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Profile: Jörg Schilling

By Daniel P. Dern

May 1, 2005

If you're an open source fan looking to burn CDs or DVDs, there's a good chance you're using Jörg Schilling's CDrecord. Widely used on thirty operating systems, from the Solaris platform to Linux to Apple OS X, CDrecord, Schilling claims, "is the only CD-R program available that supports most CD recorders and comes with full source."

Schilling, 49, was born in Berlin, where he currently lives and works as a researcher at the Fraunhofer Institute for Open Communication Systems (FOKUS). His current project involves berliOS, which he describes as the first collaborative environment for open source software development in Europe. "berliOS started as a SourceForge clone; we now have about 2,000 projects, more than 10,000 users, and 4TB of downloads a month," he says.

These days, Schilling is a frequent contributor to discussions on the OpenSolaris mailing lists, but he started out to be an electrical engineer at the Technical University of Berlin. He took his first computer course there, starting out with PASCAL, on IBM mainframes with punch cards, and moving to C around 1982. At the university, he was exposed to Unix for the first time: "There was a nice course in 1981, where we took the Unix v6 sources, and had a group where we talked about it with the John Lions book [/Source Code and Commentary on Unix Level 6/]. It was already illegal by then, so somebody made photocopies."

His workplace acquired some 68000-based Unix clones in the early 80s, which led him deeper into C and Unix. In 1986, he began working on a Unix-like operating system for the Atari, but stopped that effort when a Sun 2/50 came into his home a month later.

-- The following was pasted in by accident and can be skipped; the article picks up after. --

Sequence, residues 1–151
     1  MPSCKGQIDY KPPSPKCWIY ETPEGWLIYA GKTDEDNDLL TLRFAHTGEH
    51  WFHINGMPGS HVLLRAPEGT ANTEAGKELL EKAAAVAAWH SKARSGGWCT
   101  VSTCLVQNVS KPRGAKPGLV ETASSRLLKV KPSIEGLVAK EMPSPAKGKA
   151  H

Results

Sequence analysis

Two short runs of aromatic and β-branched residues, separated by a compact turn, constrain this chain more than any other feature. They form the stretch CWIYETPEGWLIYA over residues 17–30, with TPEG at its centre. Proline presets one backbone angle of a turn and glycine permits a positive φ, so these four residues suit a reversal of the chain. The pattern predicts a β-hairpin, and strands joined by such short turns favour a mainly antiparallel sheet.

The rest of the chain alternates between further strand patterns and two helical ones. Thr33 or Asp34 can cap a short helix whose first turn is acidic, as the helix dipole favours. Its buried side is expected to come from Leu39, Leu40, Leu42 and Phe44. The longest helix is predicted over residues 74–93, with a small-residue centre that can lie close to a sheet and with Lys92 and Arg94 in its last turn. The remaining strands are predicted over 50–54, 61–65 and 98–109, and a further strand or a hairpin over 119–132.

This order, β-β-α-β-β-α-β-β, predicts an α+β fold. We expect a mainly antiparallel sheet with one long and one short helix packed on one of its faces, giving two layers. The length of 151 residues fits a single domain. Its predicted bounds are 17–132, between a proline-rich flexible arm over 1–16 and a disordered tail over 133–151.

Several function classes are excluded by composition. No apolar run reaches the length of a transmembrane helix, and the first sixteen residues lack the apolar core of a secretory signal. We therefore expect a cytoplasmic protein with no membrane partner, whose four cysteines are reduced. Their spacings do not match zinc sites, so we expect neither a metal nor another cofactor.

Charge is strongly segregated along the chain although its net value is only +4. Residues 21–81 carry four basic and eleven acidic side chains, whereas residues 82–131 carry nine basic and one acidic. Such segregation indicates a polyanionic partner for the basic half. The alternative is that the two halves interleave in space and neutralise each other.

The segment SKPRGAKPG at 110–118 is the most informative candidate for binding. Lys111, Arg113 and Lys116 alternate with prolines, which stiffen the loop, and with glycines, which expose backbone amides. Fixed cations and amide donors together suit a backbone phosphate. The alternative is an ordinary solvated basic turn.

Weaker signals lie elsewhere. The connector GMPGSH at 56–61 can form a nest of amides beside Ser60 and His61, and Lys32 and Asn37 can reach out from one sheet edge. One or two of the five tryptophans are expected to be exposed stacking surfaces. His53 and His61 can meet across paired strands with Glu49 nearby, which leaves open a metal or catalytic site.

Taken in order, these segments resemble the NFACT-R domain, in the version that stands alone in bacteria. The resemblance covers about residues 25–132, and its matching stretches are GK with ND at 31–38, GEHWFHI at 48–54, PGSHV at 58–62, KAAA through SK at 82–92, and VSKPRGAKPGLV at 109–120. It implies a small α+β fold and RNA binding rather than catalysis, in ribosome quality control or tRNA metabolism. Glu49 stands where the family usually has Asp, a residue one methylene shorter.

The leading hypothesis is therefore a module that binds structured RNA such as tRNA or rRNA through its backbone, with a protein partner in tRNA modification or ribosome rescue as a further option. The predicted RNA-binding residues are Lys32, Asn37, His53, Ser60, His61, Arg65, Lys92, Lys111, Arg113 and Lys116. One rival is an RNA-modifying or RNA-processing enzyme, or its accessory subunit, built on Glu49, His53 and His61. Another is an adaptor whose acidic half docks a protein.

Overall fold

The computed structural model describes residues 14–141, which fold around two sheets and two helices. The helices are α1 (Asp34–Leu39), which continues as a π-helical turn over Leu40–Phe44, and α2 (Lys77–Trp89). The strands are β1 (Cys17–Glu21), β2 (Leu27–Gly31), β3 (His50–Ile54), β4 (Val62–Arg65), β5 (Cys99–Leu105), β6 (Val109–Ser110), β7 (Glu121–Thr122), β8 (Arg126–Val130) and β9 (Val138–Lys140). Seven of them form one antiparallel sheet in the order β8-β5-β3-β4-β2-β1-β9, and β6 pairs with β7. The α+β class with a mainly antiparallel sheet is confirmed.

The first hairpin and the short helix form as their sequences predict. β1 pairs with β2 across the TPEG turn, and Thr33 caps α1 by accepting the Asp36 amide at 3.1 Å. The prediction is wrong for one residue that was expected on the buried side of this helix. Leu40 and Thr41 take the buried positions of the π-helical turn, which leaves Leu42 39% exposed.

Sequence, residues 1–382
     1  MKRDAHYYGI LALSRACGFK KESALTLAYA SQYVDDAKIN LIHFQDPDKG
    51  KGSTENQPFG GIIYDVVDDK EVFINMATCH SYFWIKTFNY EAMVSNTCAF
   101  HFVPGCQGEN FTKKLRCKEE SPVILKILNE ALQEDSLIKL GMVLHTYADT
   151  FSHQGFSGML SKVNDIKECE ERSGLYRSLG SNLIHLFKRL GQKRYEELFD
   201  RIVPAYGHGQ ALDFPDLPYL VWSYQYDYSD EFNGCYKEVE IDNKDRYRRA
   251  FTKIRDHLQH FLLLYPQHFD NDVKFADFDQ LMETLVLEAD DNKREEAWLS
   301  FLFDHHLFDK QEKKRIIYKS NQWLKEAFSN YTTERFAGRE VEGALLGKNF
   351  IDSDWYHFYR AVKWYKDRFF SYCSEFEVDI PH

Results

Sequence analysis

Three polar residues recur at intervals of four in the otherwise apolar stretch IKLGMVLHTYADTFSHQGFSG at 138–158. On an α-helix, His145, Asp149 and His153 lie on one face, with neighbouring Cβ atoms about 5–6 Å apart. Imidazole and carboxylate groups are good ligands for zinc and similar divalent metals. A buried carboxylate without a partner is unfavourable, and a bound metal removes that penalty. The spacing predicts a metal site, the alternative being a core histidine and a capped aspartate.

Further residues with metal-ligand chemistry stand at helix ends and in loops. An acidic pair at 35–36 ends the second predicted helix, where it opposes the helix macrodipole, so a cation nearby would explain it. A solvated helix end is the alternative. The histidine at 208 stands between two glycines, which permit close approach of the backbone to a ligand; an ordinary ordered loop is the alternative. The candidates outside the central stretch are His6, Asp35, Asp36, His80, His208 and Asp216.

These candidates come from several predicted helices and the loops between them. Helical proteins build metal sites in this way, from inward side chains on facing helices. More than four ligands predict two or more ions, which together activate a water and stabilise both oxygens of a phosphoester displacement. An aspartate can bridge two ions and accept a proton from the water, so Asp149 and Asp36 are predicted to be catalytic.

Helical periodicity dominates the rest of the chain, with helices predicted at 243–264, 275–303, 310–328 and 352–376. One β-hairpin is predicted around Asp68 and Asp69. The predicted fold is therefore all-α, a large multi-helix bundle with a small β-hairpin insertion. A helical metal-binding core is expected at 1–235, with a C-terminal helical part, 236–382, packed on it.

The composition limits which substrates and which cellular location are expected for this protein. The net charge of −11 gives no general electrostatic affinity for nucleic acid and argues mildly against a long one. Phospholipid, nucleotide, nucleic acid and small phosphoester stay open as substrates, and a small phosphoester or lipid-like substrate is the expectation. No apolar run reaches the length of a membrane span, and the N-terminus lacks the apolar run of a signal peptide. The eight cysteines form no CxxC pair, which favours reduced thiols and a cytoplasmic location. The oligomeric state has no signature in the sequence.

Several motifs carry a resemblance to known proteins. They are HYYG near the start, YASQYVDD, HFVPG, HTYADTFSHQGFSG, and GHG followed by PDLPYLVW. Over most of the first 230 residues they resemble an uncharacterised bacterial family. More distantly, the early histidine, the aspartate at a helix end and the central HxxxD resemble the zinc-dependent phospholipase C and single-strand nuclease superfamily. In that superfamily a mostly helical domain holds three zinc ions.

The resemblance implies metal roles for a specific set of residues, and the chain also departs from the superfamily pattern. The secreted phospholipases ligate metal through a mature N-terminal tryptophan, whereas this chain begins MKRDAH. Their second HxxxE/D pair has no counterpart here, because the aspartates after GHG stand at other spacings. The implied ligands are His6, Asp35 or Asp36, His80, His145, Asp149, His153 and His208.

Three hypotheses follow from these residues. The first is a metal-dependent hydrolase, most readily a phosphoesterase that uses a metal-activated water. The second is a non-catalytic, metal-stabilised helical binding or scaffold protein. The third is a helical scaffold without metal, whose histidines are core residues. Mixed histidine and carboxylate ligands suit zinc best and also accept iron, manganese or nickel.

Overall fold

One of his earliest development efforts was an open source |tar| clone for the Berthold UNIX clone that he still supports. Later, working for type setting company Berthold, he began to work on the Unix kernel itself. There, he worked on kernel and user level debugger support for a VM implementation of Berthold's Unix clone,| |and a cursor-editable shell. Moving to SunOS, he wrote a WORM filesystem for his masters' thesis.

But it's for CDrecord that Schilling is probably best known. Now ubiquitous across Unix-like operating systems, CDrecord has its origins in a humble SCSI driver. "At Berthold, I was responsible for writing drivers for SunOS. We had our own keyboard, with 155 keys, so I had to modify the Sun keyboard driver to allow for more keys, and to do some things with languages and layouts that Sun did not support.

"Berthold also had some very high resolution scanners, which could scan about 100 lines per millimeter with a paper size of 420 by 420mm; this meant that an A3-size scan would create about 50MB of data. The only way to get this information into the computer at the time was by using SCSI, so I wrote a SCSI driver for SunOS (SunOS-3.0 at the time) that let us use the high-res scanner.

"The scanner work was the basis for CDrecord. When the first scanner was ready as a product, engineering started with a newer, much smaller, and less expensive model, but they did not know how to work with the SCSI interface. So I wrote the first generic SCSI interface, really the first generic SCSI driver in the world, because I did this in August 1986. Two years later, Adaptec did their ASPI drivers, but I did mine first and the interface is unchanged since then."